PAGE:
function init() {
        mark = editor.createMark()
        editor.insert("/* Copyright (C) " + Qt.formatDate(new Date(), "yyyy") + " Klaralvdalens Datakonsult AB. All rights reserved.\n")
        editor.insert("** This file is part of the ACME project.")
    TextEditor {
        id: editor
        fileName: Editors.currentFileName
    Component.onCompleted: init()

User interaction

One of the benefits of having QML scripting is the availability of handling user interaction on an editor: as a script creator, you can easily handle key or mouse inputs on an editor:

import QtQml 2.2
import Script 1.0
TextEditor {
    id: editor
    fileName: Util.mktemp("foo_XXXXXX.txt")

    KeyHandler {
        key: Qt.Key_Left
        filter: true
        onKeyPressed: doSomething()
    MouseHandler {
        onClicked: doSomethingElse()
    // ...

Which ultimately leads you to write a game (actually 2: whack-a-mole and follow-path):


As someone said once: developers are lazy, and that’s (usually) a good thing. It certainly took us some time to develop the different plugins, but it’s paying off. It’s also more fun to write a tool to automate the work than doing the work itself.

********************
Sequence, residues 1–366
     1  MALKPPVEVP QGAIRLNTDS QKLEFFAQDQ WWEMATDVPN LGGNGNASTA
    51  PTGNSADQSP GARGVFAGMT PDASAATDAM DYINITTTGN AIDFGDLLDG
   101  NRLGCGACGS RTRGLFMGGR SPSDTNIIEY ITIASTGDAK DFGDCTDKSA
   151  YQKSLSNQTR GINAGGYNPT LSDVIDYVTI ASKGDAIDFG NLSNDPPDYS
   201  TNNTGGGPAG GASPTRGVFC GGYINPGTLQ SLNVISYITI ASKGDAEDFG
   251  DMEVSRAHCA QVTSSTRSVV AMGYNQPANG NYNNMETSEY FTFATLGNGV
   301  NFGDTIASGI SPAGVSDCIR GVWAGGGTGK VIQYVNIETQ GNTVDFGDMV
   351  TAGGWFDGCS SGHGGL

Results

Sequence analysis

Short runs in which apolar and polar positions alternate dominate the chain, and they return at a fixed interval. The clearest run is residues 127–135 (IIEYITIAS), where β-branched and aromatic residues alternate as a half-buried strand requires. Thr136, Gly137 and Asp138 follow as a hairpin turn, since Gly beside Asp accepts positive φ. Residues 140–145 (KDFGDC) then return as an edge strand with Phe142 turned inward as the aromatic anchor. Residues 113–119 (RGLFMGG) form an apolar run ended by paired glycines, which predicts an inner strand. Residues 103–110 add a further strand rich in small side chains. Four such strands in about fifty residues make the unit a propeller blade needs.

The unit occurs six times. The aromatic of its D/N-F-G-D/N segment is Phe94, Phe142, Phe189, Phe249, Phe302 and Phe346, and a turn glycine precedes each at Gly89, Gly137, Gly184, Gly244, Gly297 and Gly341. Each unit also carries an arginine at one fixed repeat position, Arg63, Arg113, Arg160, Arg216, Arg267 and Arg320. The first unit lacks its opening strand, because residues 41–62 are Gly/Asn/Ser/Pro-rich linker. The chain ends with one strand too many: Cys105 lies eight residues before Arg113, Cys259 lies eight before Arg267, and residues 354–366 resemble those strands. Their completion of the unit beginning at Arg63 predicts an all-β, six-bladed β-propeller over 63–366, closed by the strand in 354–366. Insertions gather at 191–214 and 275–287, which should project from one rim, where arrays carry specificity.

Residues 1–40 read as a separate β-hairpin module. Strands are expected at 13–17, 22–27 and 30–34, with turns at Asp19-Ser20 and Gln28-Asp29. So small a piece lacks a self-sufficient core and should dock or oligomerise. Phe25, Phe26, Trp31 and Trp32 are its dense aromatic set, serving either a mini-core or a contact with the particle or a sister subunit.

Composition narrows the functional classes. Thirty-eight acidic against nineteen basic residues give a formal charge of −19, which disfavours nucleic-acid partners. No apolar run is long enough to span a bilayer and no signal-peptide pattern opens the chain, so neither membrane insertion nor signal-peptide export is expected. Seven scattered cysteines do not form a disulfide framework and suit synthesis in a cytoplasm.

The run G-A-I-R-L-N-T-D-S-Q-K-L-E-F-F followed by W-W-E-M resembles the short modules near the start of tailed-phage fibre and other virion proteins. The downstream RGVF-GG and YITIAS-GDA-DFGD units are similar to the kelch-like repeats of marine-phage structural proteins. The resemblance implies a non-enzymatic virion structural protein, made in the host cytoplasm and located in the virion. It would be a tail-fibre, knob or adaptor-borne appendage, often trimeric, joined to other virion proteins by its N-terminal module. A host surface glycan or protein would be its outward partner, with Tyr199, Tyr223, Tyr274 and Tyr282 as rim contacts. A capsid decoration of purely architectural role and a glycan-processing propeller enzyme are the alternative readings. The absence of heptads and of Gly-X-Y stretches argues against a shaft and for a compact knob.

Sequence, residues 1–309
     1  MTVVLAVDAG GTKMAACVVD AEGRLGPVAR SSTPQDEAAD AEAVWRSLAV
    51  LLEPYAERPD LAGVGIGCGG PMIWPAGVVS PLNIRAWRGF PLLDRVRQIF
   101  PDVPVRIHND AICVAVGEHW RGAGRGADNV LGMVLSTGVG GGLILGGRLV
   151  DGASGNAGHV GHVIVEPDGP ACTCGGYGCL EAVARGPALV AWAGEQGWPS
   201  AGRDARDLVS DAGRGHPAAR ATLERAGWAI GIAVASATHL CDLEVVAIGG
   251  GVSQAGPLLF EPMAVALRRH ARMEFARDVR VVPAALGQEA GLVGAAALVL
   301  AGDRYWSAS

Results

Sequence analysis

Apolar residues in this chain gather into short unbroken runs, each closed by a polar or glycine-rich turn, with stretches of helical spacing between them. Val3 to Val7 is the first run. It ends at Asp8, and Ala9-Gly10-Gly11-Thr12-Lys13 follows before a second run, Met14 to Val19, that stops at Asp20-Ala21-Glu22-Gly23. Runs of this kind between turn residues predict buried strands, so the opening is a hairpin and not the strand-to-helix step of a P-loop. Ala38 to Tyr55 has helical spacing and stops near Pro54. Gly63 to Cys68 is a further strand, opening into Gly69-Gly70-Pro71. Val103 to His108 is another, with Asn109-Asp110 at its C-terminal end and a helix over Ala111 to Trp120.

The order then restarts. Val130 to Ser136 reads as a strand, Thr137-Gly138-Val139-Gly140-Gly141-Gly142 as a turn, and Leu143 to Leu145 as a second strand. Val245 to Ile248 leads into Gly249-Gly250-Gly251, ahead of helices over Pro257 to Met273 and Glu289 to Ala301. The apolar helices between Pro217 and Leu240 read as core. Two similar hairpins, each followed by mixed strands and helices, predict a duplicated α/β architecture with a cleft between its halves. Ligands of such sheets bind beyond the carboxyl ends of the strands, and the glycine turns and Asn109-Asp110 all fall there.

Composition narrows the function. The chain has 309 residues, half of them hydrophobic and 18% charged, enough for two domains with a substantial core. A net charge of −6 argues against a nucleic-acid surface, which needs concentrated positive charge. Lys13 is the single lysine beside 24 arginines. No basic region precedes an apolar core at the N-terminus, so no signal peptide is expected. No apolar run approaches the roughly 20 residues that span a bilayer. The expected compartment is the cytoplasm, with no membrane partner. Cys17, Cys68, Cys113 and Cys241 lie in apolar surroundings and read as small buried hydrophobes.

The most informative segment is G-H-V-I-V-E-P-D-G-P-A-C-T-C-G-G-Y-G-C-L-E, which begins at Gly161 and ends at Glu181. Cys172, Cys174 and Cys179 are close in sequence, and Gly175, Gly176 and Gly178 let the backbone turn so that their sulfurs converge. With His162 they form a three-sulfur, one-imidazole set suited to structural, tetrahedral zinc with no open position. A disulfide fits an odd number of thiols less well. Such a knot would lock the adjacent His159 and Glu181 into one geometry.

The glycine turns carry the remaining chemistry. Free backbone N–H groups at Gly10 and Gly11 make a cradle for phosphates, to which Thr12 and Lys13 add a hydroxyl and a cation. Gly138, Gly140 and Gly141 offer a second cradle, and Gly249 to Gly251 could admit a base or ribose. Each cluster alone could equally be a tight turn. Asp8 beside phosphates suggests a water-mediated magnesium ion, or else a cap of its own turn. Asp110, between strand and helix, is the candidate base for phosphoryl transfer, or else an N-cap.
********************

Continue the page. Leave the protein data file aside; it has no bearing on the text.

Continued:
For now the scripting plugin is internal to KDAB, let us know if that’s something you would be interested in.

You can download a KDAB whitepaper on Migrations here…

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Categories: KDAB Blogs / KDAB on Qt / Qt / Technical

9 thoughts on “Automating tasks in Qt Creator”

  1. Hello,

    This plugin seems very useful. Is it available / published / open-source?
    I did not found any mention to it. (Nothing in open source QtCreator 4.12.1, nothing in KDAB’s github repository, nothing the “Qt Creator Plug-in Gallery” Qt Wiki page.)